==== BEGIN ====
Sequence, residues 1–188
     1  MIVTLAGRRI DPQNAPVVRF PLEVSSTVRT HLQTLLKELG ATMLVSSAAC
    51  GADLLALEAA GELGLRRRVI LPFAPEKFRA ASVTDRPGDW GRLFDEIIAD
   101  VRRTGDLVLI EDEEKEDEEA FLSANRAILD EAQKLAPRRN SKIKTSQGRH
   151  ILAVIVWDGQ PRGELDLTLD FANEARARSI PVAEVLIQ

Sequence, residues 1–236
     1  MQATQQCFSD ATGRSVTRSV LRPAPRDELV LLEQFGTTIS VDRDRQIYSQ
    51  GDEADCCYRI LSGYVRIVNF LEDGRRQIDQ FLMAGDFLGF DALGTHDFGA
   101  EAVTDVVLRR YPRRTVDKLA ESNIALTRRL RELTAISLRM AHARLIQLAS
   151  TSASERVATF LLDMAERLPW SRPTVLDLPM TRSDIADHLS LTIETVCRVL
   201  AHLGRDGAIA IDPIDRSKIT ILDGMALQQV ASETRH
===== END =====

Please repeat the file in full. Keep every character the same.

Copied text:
Sequence, residues 1–188
     1  MIVTLAGRRI DPQNAPVVRF PLEVSSTVRT HLQTLLKELG ATMLVSSAAC
    51  GADLLALEAA GELGLRRRVI LPFAPEKFRA ASVTDRPGDW GRLFDEIIAD
   101  VRRTGDLVLI EDEEKEDEEA FLSANRAILD EAQKLAPRRN SKIKTSQGRH
   151  ILAVIVWDGQ PRGELDLTLD FANEARARSI PVAEVLIQ

Sequence, residues 1–236
     1  MQATQQCFSD ATGRSVTRSV LRPAPRDELV LLEQFGTTIS VDRDRQIYSQ
    51  GDEADCCYRI LSGYVRIVNF LEDGRRQIDQ FLMAGDFLGF DALGTHDFGA
   101  EAVTDVVLRR YPRRTVDKLA ESNIALTRRL RELTAISLRM AHARLIQLAS
   151  TSASERVATF LLDMAERLPW SRPTVLDLPM TRSDIADHLS LTIETVCRVL
   201  AHLGRDGAIA IDPIDRSKIT ILDGMALQQV ASETRH